2. Global reach: Whereas a brick-and-mortar store is limited by location, an online store offers a business reach beyond their geographic area, generating new awareness for their brand. Many businesses even have an international market to reach a new set of customers. For consumers, this global reach allows them to make purchases easily, regardless of location. 
  3. Reduced costs: Since there’s less need to hire a big sales staff for an online store, ecommerce businesses can save on operational costs and invest in warehousing, inventory, customer service, and website deals. Plus, these processes can be automated by digital technology to accelerate orders, delivery, and payment. 
  4. Personalized marketing: Ecommerce platforms provide access to a wealth of customer data, giving businesses the opportunity to personalize their messaging and tailor their efforts to their customers’ buying habits. Customers often appreciate this more personal level of ecommerce marketing. 
  5. Capturing unique, niche markets: It’s difficult to scale a niche product in a brick-and-mortar store unless it becomes mainstream. Ecommerce sellers, on the other hand, can tap into a larger market and use online search capabilities to lead new customers to their product. For customers, this allows them to find products that they may not be able to find in stores. 

 

What are the Disadvantages of Ecommerce? 

Although ecommerce offers businesses convenience and profitability, it still comes with its own set of disadvantages. Some of the pitfalls of ecommerce include: 

  1. Less interaction with customers: Since the majority of interactions and decisions with your customers happen digitally, it could be harder to assess their needs, wants, and concerns and provide customer service when needed. Human relationships play an important role in retaining online buyers. 
  2. Technical difficulties: If your online site is slow, broken, or unavailable to customers, it impacts your ability to sell. Site crashes, technical difficulties, and security issues leave a negative impression of your brand. 
  3. Your customers can’t test out your products: An ecommerce experience can be limiting for shoppers who prefer to test out and get hands-on with a product, especially when it comes to physical products like clothing, shoes, and beauty supplies. Find out how savvy online merchants overcome this by bridging the online and in-store shopping experience.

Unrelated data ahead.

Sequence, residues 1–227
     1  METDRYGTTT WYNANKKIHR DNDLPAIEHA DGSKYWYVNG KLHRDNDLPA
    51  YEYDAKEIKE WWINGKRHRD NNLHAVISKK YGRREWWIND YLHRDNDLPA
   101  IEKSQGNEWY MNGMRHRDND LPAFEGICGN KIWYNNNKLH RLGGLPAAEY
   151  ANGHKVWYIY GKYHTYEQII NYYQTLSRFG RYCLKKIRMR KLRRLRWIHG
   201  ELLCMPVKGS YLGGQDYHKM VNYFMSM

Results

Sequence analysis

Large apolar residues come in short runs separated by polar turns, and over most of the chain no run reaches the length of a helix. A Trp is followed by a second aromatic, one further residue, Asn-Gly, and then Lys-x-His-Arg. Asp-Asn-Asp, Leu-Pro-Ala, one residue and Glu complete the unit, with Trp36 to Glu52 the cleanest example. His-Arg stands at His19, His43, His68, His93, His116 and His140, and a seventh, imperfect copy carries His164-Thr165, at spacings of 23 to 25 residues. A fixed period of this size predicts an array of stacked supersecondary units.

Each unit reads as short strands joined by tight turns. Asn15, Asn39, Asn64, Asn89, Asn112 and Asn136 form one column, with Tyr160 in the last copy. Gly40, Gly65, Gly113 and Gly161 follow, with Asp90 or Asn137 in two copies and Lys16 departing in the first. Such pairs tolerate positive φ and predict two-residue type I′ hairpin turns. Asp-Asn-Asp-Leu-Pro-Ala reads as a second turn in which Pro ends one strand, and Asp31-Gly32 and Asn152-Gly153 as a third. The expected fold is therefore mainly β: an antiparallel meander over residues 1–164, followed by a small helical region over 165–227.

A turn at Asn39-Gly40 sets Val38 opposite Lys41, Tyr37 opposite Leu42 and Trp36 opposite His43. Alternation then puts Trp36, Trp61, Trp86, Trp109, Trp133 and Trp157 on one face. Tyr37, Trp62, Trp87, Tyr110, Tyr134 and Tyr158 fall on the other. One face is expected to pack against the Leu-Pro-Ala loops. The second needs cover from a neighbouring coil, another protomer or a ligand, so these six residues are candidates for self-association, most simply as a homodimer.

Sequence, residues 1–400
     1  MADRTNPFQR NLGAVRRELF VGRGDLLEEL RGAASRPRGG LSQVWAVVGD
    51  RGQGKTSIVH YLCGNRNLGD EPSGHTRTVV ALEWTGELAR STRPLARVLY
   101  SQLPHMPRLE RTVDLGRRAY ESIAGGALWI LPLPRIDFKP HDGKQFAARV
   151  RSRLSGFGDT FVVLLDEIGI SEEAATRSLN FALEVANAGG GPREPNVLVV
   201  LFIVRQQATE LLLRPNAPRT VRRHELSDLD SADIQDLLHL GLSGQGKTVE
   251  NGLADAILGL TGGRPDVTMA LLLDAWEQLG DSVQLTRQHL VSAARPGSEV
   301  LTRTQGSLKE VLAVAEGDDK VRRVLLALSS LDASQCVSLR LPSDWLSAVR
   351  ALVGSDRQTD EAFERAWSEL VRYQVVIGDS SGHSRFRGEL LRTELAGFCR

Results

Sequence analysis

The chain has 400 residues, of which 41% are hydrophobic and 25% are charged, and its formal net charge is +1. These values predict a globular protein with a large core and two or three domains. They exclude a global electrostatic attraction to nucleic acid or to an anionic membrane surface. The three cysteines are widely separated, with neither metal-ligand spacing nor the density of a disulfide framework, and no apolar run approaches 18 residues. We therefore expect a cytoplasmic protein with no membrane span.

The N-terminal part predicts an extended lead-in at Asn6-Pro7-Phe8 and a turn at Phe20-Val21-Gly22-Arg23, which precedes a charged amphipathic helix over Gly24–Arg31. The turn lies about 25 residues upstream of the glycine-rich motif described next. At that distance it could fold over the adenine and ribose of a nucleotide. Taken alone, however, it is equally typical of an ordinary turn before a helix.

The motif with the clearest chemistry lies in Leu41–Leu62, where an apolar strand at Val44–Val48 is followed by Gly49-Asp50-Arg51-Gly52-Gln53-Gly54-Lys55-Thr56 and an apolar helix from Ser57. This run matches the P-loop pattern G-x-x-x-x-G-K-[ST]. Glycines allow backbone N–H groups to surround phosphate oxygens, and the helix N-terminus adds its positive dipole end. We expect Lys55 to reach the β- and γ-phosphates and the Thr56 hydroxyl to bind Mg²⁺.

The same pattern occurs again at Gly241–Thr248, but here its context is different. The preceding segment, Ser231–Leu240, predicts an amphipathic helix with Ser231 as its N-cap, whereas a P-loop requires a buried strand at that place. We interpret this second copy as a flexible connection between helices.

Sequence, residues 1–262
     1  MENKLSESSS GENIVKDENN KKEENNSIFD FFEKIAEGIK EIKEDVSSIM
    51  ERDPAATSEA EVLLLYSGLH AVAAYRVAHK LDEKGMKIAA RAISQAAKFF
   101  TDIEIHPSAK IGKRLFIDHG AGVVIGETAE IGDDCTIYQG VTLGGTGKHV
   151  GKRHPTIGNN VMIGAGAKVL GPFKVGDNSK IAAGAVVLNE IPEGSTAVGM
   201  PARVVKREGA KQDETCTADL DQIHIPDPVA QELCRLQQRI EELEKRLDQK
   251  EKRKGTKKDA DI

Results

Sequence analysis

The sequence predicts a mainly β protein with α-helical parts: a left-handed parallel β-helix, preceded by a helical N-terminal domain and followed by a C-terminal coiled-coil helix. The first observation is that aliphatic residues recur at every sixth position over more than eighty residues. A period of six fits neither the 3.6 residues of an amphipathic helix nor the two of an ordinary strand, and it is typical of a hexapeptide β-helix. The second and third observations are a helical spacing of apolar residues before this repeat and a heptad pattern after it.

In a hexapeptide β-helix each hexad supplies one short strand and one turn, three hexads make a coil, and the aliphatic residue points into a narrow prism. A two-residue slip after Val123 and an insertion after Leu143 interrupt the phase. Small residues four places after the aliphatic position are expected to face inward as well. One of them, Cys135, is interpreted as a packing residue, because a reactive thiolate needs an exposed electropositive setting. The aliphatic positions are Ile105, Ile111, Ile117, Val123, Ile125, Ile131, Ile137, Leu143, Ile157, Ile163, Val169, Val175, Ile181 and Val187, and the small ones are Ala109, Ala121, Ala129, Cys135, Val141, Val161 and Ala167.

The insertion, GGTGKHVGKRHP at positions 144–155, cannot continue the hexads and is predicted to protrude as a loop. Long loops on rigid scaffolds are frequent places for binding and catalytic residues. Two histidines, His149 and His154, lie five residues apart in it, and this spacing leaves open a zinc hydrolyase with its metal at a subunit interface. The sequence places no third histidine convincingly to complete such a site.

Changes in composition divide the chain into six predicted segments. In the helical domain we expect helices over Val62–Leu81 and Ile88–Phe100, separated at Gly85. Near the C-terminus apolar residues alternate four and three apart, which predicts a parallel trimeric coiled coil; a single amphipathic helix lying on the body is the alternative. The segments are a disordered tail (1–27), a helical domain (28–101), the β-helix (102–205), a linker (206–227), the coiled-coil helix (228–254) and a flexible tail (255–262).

4. Wait time: While shoppers in physical stores can leave with their purchased products in hand, ecommerce sites can’t provide that instant gratification.  

 

What Makes a Successful Ecommerce Site? 

Despite these limitations, ecommerce can offer businesses with limitless growth potential and game-changing profitability. While the elements vary from industry to industry, a spectacular shopping experience lies at the core of a successful site. This encompasses a visually pleasing appearance and a functional interface that effectively encourages and facilities online purchases. 

Some of these important elements are: 

  1. Design that captures your brand and conveys a pleasing, professional, and trustworthy appearance to keep customers on site. 
  2. Optimized checkout offering a seamless, transparent, and friction-free buying experience. 
  3. Speed and navigation optimized for a website experience with a clear layout, calls-to-action, and smooth functionality. 
  4. Product pages with quick and complete information of products and services and what you sell. 
  5. High-quality photos that capture and retains visitor attention. 
  6. Email capture for generating leads for future marketing and nurturing. 
  7. Customer reviews that establish trust in a business. 
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The Future of the Ecommerce Industry 

Every holiday season, ecommerce sales continue to increase as more people see the convenience of online shopping and free shipping and more businesses move their operations online.

Projections for the future of the ecommerce industry are very positive. With the growing use of smartphones, tablets, smart TVs and other Internet-enabled electronics, there will only be more ways to shop online. 

 

How to Start an Ecommerce Business 

Setting up an ecommerce store requires important steps like research, website development, launching, and marketing. Some key things to keep in mind when starting an online business are: 

  1. Choose a profitable product: find a product with good margins and select a suitable sourcing method (making, manufacturing, wholesale, or dropshipping) 
  2. Conduct proper research: research pricing strategies, your competition, and your unique brand proposition to plan your success 
  3. Build your brand: win customers with memorable branding 
  4. Solidify your launch: decide how you will track your progress and promote your products to the market 
  5. Keep the momentum after launch: market your store to keep the customers rolling in and refresh your inventory and offerings to maintain their interest  
  6. Optimize conversions: Experiment with different marketing and ecommerce strategies to increase conversions and retention 

 

Whitepaper about changing ecommerce platforms

As the ecommerce industry continues to grow, there’s expansive potential for businesses to grab a piece of the ecommerce pie. Every year, new tools are developed to increase the connectivity between people, helping ecommerce businesses adapt to the needs of their shoppers.  

Interested in learning more? Check out our Ecommerce Resource Center

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Author's Bio

Miva

Miva offers a flexible and adaptable ecommerce platform that evolves with businesses and allows them to drive sales, maximize average order value, cut overhead costs, and increase revenue. Miva has been helping businesses realize their ecommerce potential for over 20 years and empowering retail, wholesale, and direct-to-consumer sellers across all industries to transform their business through ecommerce.